James Jyoce’s Characterization of the boy in Araby

The central figure in Joyce’s short story Araby is a boy. The author speaks in the first person through the boy, who is as such his own self. Joyce actually presents here his own boyhood experience during his stay in the city of Dublin with his uncle and aunt.

Of course, Araby is no conventional story of external action and sensations. It is, in fact, all about a young boy’s fascination for a young girl not much known to him, and his lingering longing for Araby, an oriental fete held in Dublin, in 1894. The story also shows his frustration after visiting Araby, considered so much as a place of ideal beauty and charm. As a matter of fact, the story has symbolic overtones in a realistic setting. The central
character here is not merely an individual but rather the symbol of the frustrated human search for the ideal of beauty and romance. The character of the boy is to be studied from that particular perspective.

Of course, Joyce gives some touches of his own boyhood nature in the boy’s character. He makes his hero a psychologically interesting figure. The symbolic aspect of the story serves to present the boy from a psychological angle. What is more conspicuous in the boy’s nature is his romantic sensibility. He is no normal figure in the world. He is possessed of too much vigor of the romantic sensibility that is found active all through. The romantic sensibility draws the boy somewhat inexplicably to Mangan’s sister. His romantic mind is fascinated by her. He is eager to have a little sight of or contact with her. Of course, he has the least communication with her, and there is no scope for the development of any relationship between them. But the boy is haunted by her dream and her image seems to accompany him even in a noisiest commercial environment of Dublin.

The boy’s romantic sensibility seems to develop a kind of passion of love in him. Of course, he is too young to understand what love is or to know the significance of sex. Yet, somehow or other, he is drawn to her absolutely and this is nothing but love, though different from the conventional view of love. The boy’s own words to himself reveal the inexplicable sense of love that possesses his mind. He murmurs within himself ‘O love!, O love!’ many times.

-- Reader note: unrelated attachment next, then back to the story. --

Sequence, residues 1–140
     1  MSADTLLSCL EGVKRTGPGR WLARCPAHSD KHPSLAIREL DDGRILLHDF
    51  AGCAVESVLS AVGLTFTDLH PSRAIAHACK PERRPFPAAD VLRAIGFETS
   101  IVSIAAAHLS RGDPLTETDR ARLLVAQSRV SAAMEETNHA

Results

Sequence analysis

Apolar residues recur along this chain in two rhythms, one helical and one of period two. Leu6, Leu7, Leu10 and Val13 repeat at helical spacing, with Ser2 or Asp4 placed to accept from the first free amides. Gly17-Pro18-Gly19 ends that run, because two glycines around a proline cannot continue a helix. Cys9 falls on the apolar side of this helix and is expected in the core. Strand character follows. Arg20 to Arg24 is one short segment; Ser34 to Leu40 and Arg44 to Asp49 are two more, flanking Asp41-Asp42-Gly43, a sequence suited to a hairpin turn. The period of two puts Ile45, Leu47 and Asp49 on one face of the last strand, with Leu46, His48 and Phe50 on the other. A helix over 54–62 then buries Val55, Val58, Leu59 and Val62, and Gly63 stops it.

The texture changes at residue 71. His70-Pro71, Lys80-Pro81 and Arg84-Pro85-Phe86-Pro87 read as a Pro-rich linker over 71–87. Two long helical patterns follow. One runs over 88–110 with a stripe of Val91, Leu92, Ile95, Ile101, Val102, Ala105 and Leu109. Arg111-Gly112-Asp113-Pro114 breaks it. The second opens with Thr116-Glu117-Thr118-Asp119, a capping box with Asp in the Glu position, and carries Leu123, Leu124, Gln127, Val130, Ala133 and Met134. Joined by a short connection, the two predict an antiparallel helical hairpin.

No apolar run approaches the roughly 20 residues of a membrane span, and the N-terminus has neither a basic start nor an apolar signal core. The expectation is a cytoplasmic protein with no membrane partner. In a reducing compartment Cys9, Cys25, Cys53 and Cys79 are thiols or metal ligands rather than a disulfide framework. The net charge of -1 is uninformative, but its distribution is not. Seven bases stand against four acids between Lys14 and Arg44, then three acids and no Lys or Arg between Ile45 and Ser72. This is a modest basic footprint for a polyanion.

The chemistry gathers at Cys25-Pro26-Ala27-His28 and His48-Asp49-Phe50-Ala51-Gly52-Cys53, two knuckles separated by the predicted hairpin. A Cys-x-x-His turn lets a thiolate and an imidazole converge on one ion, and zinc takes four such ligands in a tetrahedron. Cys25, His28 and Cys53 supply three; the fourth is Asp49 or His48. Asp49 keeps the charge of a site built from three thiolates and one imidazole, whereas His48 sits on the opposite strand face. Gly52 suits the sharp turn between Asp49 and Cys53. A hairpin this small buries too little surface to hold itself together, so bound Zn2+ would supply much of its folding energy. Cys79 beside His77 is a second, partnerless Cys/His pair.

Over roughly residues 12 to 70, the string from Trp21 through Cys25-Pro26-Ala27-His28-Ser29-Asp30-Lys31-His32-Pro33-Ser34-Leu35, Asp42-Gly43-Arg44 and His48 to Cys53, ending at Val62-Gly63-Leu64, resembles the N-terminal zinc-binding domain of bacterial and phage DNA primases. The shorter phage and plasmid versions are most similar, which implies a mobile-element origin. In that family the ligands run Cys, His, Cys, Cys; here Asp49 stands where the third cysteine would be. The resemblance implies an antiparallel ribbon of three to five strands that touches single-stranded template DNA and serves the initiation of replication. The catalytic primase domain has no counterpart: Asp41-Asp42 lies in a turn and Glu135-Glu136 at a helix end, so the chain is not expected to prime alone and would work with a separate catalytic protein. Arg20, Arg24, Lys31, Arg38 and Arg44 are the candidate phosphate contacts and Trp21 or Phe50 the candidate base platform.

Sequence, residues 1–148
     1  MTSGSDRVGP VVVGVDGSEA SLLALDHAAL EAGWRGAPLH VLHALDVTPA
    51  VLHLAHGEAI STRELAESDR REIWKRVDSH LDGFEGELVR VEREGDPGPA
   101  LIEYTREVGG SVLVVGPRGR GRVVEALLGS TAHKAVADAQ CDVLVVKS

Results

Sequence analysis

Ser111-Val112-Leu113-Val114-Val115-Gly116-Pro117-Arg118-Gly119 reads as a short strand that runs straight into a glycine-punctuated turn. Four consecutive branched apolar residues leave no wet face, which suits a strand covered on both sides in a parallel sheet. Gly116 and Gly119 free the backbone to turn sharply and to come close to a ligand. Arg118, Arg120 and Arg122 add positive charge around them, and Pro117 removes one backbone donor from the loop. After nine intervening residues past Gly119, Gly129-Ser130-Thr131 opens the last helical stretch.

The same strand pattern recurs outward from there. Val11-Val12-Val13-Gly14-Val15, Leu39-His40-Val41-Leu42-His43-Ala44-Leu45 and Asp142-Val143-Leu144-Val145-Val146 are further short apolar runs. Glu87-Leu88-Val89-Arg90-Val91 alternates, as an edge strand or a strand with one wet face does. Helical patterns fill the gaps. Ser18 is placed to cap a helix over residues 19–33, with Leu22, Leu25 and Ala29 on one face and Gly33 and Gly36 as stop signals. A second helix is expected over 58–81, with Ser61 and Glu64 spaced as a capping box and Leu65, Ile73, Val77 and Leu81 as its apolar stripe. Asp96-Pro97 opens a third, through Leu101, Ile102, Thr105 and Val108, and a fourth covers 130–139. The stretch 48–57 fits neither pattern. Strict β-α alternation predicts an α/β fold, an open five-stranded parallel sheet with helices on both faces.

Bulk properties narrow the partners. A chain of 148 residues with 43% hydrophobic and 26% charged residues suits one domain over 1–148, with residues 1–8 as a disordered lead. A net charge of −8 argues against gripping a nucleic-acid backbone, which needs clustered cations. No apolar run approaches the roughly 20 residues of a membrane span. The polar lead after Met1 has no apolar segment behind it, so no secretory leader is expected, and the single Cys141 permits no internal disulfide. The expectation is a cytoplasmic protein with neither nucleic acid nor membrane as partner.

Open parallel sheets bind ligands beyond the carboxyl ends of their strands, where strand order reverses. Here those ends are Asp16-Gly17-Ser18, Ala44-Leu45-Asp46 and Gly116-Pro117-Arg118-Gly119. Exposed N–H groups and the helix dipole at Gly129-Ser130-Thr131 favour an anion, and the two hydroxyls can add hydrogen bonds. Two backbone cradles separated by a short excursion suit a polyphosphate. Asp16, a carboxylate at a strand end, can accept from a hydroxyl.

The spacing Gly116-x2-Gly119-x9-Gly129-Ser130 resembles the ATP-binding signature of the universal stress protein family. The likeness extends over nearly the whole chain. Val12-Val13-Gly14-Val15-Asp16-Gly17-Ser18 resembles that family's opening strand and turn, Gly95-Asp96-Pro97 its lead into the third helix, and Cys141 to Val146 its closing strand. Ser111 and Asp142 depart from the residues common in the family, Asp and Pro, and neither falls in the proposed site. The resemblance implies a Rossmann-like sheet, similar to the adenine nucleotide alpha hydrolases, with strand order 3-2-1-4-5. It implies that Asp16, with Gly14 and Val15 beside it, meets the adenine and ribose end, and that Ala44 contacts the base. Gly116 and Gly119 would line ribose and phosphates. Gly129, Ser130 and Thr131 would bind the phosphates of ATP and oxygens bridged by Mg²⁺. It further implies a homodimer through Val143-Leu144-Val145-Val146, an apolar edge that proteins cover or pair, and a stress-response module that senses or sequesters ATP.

Another strongly noted feature in the boy’s psychology is his strong imaginative power. Of course, this follows naturally from his romantic temper. He is fascinated by the vision of Araby. His romantic imagination is allured by the call of Araby which he looks upon as an ideal center of pomp and splendor. He has no actual knowledge of Araby, noted for oriental magnificence. But in his mind’s eye, he has an enchanting vision of Araby that spells him.

“The syllables of the word Araby were called to me through the silence in which my soul luxuriated and cast an Eastern enchantment over me.”

The intensity of his romantic and imaginative sensibility makes the boy rather restive. He is not presented as a steady and firm personality. In fact, he is vitally impulsive and his mind is easily impressionable. He feels disturbed, rather agitated, by his dream of life, as it delays to prove real to him. This is clearly seen in the matter of his plan to visit Araby. During the period, intervening between his decision and actual visit, he appears impatient, and he is unable to concentrate his attention seriously on any work. His own words well mark his mental state that is too eager to fulfill his dream of life.

“I had hardly any patience with the serious work of life which, now that it stood between me and my desire, seemed to me child’s play, ugly monotonous child’s play.”

Araby is a psychological story like Katherine Mansfield’s The Fly. Katherine Mansfield’s hero is an aged man, but Joyce’s hero is a boy and he presents the adolescent psychology here. The transition from boyhood to adulthood involves some sort of mental stir and ripples and Joyce tries to represent the same through the portrait of the picture of his own boyhood.

The story is a tragedy, but no conventional one. It is the tragedy of the frustration of the mind. The boy’s vision remained unfulfilled and his long-cherished ideal is not at all realized. His impulsive, romantic nature is cut to the quick by his sad and disappointing experience at Araby. His agonized mental state is precisely expressed in the concluding sentence of the story and this marks the tragic frustration of a mind that aspires after an ideal
which is unrealizable in a hard drab realistic world:

“Gazing up into the darkness I saw myself as a creature driven and derided by vanity, and my eyes burned with anguish and anger.”